Oregon Doubles Weed Purchasing Limits and Legalizes Pot Deliveries Among Counties
Oregon is rolling out several new cannabis laws and regulations to help modernize its adult-use industry.
Published on January 5, 2022

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Oregon just doubled the quantity of weed that adults are legally allowed to buy and authorized dispensaries to deliver weed across state lines. These changes, along with several other new regulations, are part of a broader effort to modernize the state's adult-use industry.

Last year, the state legislature passed two bills that revised state guidelines on unlicensed hemp products and restructured penalties for weed businesses that violate state regulations. Late last month, the Oregon Liquor and Cannabis Commission (OLCC) expanded on these bills with several new regulations to streamline oversight of the adult-use industry and help legal businesses compete against the black market. 

“These rules try to balance a number of different concerns – consumer health and safety, interests of small and large operators in our industry, and public safety concerns around loopholes in the Federal Farm Bill of 2018, and the illicit farm production taking place in Oregon,” said OLCC Executive Director Steve Marks in a statement

As of Jan. 1, adults are allowed to buy up to two ounces of weed at one time, twice the amount that was previously legal. And starting April 1st, the legal THC limit for cannabis edibles will also double from 50mg to 100mg per package. Edible manufacturers will still need to divide each edible product into individual 10mg servings, however. 

Under the new regulations, home delivery services will now be allowed to deliver weed across city and county lines. “This new rule will enable consumers who currently live where delivery doesn’t exist to be served by a business in a city or county that already has delivery,” regulators explained. “Previously, delivery was limited only to the city or county where a cannabis retailer is located.”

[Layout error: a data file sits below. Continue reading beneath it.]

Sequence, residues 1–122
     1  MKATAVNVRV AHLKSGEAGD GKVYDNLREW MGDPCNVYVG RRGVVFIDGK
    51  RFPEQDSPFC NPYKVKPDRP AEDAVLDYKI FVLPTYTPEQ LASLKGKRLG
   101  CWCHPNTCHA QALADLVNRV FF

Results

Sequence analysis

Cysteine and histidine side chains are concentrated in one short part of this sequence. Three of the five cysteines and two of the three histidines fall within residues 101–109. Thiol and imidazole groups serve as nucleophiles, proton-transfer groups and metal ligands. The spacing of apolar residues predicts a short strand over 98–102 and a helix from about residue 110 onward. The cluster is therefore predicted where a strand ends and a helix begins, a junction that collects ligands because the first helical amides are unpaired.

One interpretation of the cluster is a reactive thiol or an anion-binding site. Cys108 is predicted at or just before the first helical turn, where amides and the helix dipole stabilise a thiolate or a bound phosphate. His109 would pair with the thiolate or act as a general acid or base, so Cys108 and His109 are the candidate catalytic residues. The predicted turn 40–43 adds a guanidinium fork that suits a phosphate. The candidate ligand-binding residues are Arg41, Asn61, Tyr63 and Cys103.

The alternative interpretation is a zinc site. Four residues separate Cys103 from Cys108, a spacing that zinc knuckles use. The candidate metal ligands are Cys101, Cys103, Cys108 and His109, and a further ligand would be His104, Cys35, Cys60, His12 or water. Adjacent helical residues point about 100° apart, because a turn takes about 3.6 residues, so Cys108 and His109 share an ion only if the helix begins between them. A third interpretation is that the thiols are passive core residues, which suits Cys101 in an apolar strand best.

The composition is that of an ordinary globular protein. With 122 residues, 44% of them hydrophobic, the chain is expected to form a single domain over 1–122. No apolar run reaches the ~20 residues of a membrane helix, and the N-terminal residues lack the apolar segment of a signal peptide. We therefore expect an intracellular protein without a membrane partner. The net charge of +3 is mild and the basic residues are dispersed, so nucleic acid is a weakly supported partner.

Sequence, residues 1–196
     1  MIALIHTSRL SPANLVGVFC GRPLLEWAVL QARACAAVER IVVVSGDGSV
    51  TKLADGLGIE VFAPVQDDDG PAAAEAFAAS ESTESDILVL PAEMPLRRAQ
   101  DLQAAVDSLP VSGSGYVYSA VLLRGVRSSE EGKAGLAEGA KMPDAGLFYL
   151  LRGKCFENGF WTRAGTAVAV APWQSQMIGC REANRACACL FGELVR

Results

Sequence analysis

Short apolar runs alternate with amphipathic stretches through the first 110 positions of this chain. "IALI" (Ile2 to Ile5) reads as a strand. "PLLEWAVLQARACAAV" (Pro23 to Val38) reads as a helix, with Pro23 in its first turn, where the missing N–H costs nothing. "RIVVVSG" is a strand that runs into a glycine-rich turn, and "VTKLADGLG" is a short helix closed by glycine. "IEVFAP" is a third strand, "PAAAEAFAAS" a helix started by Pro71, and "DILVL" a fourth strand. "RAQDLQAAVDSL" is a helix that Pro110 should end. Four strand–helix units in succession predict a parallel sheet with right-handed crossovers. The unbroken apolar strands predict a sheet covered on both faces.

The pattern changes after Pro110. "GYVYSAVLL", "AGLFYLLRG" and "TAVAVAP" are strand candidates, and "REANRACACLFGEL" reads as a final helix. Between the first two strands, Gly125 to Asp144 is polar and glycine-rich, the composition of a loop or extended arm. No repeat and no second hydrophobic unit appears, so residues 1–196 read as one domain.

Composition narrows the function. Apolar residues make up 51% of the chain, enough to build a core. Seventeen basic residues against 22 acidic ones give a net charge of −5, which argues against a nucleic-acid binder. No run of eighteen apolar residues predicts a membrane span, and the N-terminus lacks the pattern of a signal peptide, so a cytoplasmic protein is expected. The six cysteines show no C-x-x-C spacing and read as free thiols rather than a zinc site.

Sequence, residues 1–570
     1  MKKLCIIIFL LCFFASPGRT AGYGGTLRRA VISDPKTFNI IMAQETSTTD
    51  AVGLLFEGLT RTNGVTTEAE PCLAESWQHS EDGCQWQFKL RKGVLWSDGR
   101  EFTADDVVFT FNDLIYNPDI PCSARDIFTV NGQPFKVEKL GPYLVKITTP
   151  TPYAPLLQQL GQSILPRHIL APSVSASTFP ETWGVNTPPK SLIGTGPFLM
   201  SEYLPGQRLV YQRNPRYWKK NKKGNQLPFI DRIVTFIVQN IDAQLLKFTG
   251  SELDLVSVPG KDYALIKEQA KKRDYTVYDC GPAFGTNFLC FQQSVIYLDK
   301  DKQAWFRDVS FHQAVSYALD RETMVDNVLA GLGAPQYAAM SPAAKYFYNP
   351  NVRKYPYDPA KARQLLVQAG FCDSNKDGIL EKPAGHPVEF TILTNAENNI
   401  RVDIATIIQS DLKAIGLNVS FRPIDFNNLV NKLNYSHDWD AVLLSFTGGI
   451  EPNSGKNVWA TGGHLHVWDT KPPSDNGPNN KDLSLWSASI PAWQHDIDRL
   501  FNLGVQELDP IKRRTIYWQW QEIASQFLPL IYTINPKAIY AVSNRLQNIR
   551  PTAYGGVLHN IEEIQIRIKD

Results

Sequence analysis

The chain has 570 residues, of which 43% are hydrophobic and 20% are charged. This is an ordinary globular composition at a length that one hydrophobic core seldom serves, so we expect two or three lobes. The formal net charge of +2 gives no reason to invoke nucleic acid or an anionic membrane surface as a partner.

State officials are hoping that this wider range of product and delivery options will encourage more customers to buy weed legally. Despite the success of Oregon's cannabis industry, the local black market is still going strong. According to one report, as many as half of the hemp farms in the state are growing illegal weed on the side, and many black market farms are illegally siphoning water from the drought-stricken state. 

The OLCC has also restructured its list of regulation violation categories, which dates back to 2016. By streamlining this list, regulators hope to reduce penalties and decrease the number of violations that can lead to a business losing its license. These revisions aim to lighten the burden of operation for legal businesses, helping them remain competitive with illegal pot growers that are able to skirt the state's rules.

Lawmakers and regulators have also agreed on new rules that will help distinguish hemp products containing delta-8-THC and other intoxicating cannabinoids from legal weed products. Starting July 1st, hemp edibles will be limited to 2mg of THC per serving, and all hemp products will be limited to 20mg of THC per package. Hemp producers will also now be required to submit all hemp-based dietary supplements and infused foods for regulatory review, but have 18 months to comply with these new rules.

“We did listen to the public and did make significant changes to these rules and I want to reiterate that we have come a very long way,” said Marks. “And this industry established success for Oregon. We are creating a successful business market, a successful consumer market. This is another big turn of progress.” 

Chris Moore
Chris Moore is a New York-based writer who has written for Mass Appeal while also mixing records and producing electronic music.
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